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UPDATE 2-FINRA fines Citigroup in "stock borrow" program

* Citigroup to pay $650,000, no admission of wrongdoing

* Regulator’s first such enforcement action

* Loans intended to help other clients with short-selling (Adds FINRA comments, details of settlement, byline)

NEW YORK, April 6 (Reuters) - Citigroup Inc C.N has been fined $650,000 by an independent U.S. brokerage regulator for disclosure and supervisory failures relating to a "stock borrow" program intended to help clients sell shares short.

In its first such enforcement action, the Financial Industry Regulatory Authority said on Tuesday the bank’s Citigroup Global Markets Inc unit failed to properly disclose risks to retail and other customers in its direct borrow program, which extended more than 4,000 loans averaging $301 million a year.

FINRA said that from Jan. 1, 2005 to Nov. 30, 2008, more than 2,300 customers lent the program more than 770 securities that were hard to borrow, mainly because a large number of short-sellers had already borrowed them to use as collateral.

Citigroup’s brokers did not make clear to customers that most of the loaned securities were used in short-selling, which can cause them to lose value, and that customers could sell them at any time even while they were on loan, FINRA said.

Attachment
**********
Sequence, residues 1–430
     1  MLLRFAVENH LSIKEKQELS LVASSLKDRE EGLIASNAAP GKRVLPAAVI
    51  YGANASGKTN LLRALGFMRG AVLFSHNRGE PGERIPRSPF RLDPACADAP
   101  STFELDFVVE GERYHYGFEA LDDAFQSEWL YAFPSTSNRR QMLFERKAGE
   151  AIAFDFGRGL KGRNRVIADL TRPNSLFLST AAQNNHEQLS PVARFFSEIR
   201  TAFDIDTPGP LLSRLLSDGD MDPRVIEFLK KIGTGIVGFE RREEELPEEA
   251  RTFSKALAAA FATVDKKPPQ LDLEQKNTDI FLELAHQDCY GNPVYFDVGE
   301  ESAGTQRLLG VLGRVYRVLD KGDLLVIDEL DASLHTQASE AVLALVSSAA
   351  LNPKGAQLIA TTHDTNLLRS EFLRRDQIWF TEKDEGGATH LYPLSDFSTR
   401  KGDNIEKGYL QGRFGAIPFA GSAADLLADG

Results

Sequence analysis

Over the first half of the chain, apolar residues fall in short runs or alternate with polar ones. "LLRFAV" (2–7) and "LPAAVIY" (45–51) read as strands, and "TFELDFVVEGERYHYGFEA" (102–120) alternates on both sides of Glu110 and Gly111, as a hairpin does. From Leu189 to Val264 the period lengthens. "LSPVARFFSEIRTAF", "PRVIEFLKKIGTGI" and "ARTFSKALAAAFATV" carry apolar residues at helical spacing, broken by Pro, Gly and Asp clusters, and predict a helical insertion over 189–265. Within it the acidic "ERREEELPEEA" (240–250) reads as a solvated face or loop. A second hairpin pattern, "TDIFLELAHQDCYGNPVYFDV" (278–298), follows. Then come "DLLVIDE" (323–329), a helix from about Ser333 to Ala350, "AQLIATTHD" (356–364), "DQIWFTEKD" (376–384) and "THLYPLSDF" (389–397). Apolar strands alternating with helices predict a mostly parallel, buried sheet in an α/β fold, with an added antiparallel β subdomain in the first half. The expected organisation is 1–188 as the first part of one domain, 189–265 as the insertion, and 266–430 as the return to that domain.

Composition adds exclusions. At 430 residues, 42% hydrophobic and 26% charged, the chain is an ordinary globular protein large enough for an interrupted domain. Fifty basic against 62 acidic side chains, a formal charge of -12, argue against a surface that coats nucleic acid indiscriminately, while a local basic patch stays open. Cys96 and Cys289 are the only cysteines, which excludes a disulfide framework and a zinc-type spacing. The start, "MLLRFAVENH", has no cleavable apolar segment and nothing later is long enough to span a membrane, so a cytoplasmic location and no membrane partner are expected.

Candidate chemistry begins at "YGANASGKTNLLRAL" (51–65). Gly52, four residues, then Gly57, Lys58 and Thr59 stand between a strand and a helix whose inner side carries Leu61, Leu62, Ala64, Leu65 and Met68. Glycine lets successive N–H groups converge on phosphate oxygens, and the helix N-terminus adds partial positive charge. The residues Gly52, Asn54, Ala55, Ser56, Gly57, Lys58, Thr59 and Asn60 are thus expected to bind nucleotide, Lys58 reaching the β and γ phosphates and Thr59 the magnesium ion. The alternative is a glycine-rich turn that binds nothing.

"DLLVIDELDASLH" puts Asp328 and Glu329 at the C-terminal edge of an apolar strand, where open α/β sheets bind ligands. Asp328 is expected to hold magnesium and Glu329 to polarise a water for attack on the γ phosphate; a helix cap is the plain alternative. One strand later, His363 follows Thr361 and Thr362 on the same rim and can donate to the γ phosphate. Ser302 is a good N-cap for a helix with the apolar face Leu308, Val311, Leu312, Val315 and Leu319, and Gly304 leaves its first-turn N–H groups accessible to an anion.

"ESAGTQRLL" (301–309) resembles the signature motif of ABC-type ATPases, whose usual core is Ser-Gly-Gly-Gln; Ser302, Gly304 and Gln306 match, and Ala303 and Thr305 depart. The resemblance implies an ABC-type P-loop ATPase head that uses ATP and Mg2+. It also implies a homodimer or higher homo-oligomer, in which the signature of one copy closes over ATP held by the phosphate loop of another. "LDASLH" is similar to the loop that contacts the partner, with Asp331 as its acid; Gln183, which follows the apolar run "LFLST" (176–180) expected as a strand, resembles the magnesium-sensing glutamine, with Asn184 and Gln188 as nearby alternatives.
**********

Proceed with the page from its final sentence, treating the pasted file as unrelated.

“The program created an artificial impediment to liquidity,” FINRA enforcement chief James Shorris said in an interview. “Disclosures related to short-selling are material to customers insofar as they have a potential impact on the price of securities they are holding. Customers may not realize they can reduce the potential loss by selling the securities.”

Widespread short-selling by hedge funds and other investors was one cause of the global plunge in stocks following the bankruptcy of Lehman Brothers Holdings Inc on Sept. 15, 2008.

FINRA said Citigroup also failed to properly tell customers they could face higher taxes by lending, that the bank could lower interest rates on the loans, and that brokers won commissions on outstanding loans. Brokers earned more than $4.3 million of commissions for soliciting the loans, it said.

The New York-based bank also consented to a censure in agreeing to settle, but it did not admit wrongdoing. Citigroup in a statement said it “takes matters of investor protection very seriously,” and cooperated fully with the investigation.

FINRA said Citigroup suspended the program on Nov. 30, 2008, and has returned all shares to customers who lent them.

Shorris said other FINRA investigations into similar lending programs are ongoing. “Our principal concern is that when customers engage in these kinds of transactions, they need to have full disclosure about the consequences,” he said.

FINRA said it oversees more than 4,700 brokerages. (Reporting by Jonathan Stempel; Editing by Leslie Gevirtz and Steve Orlofsky)

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